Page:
Managers and Coaches: How do they work?
Management at Redgate has always been a very supportive role.
We equip our managers to level up the members of their team, including how to give effective feedback, how to have personal development conversations, and we even include an Introduction to Coaching workshop in our core management skills training.
What is the role of our coaching team if all our managers can coach anyway?
A Piece of the Puzzle
Fundamentally our coaching team is a support function. Our purpose is to “increase the impact and efficacy of engineering” at Redgate, and one of the most powerful ways to do that is ensuring our managers can give — and receive — all the support our people need.
That may be working with our managers directly as individuals, coaching their team, or offering coaching services to a member of their team.
How does that work?
Opportunities for coaching arise almost every day. Perhaps a team or person feels they could be achieving more, there’s a challenge we’re unsure how to tackle, or a someone needs a little extra support.
Our managers tend to take the lead here. They use their own skills, including coaching, to find ways forward. This is often challenging and even the most experienced manager needs help sometimes. In situations we encourage our managers to reach out to the coaching team for support.
It’s important people get the right help, so a crucial part of our process is what we call contracting. This involves meeting with the person (or people) we’ll be working with to make sure we’re all aligned on what coaching is, if it’s the right tool for the job, and what we’re looking to achieve together.
The manager will often be a part of that contracting conversation. This helps us make sure everyone is working towards the same goal and has the same understanding of how we’ll work together. That can include regular updates with the manager, so everyone knows how the coaching work is progressing.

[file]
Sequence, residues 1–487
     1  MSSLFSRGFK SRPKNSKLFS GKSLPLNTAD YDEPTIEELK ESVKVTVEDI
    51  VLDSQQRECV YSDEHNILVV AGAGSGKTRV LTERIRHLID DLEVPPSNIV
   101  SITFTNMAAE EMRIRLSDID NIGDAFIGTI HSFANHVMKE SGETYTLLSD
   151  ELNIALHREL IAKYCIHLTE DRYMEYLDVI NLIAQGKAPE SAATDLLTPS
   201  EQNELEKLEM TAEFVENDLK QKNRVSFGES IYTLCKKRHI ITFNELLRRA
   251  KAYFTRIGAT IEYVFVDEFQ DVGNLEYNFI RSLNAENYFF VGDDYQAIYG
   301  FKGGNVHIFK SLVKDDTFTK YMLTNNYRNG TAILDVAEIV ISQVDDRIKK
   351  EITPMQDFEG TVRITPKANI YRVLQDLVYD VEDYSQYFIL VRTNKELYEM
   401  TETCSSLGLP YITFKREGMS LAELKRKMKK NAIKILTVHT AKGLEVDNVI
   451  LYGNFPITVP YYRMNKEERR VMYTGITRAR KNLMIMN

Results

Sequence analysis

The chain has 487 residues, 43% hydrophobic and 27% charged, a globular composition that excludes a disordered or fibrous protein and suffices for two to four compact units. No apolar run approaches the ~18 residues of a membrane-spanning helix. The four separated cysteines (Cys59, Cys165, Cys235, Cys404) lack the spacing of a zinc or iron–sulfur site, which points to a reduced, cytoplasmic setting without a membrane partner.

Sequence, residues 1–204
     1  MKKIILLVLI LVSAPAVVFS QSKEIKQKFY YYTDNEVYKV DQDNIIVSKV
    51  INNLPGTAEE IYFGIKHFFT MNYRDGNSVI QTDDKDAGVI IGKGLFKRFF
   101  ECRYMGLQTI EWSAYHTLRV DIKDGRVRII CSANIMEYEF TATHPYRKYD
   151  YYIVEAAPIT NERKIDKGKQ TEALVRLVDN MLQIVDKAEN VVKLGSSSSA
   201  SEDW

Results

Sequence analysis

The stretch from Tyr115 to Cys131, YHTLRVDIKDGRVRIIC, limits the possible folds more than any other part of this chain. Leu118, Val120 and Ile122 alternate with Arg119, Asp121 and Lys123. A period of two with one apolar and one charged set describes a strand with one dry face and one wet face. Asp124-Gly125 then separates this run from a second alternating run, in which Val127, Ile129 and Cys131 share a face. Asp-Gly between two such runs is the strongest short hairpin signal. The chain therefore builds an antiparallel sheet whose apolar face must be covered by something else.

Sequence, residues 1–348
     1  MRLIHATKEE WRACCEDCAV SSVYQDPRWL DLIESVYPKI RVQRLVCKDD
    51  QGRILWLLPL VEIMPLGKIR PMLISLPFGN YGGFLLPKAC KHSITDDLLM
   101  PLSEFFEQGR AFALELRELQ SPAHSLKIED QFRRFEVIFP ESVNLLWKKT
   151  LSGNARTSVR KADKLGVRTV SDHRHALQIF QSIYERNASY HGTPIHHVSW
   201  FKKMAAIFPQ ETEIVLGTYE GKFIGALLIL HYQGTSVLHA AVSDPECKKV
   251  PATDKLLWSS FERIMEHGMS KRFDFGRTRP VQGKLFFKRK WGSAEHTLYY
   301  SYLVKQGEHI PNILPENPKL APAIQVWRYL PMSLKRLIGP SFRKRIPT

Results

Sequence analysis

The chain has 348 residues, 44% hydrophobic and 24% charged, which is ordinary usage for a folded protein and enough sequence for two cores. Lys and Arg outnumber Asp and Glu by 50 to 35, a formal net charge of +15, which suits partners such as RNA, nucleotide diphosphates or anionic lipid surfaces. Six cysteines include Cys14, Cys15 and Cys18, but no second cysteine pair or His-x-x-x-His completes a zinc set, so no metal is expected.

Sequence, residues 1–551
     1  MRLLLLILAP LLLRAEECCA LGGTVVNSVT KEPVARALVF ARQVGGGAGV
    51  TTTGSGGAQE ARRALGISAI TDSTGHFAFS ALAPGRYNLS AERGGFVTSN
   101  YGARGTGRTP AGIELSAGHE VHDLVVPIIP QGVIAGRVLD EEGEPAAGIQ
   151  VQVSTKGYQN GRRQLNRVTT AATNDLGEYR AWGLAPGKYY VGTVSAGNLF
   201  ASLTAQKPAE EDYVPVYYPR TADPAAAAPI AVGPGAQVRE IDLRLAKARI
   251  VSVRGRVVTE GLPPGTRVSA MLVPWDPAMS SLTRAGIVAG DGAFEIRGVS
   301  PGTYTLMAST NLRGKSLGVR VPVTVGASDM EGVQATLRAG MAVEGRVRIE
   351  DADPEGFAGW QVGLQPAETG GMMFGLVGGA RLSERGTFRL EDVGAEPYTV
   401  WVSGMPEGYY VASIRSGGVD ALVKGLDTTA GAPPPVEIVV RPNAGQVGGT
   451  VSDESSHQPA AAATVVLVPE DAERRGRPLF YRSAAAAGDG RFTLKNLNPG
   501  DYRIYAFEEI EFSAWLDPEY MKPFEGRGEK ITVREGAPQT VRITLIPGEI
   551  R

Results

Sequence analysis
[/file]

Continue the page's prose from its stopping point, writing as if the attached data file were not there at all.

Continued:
What’s in it for the manager?
There are other types of support available, including reaching out to another manager. What makes working with a coach different?
First and foremost, we’re dedicated coaches. While coaching is a tool all our managers have, it’s the tool our coaches have been seeking to master. By calling in a coach the manager gets access to the coach’s skills and experiences for free.
Our coaches operate outside Redgate’s typical delivery structure, so we’re well-placed to offer unbiased support when it’s needed. Without having to think as much about upcoming deliveries and commitments, we can offer our entire focus on whoever we’re coaching and the challenges they’re facing.
That also sets us up to provide longer-term support. While we’re happy to help in getting over immediate barriers and get work moving, we can continue to work with people and teams to build more sustainable, long-term change.
Finally, we’re also to offer a safe environment to people who need it. Some topics are difficult to tackle, especially when a management relationship is involved. Our coaches can tackle these sensitive topics with discretion, for the benefit of everyone involved.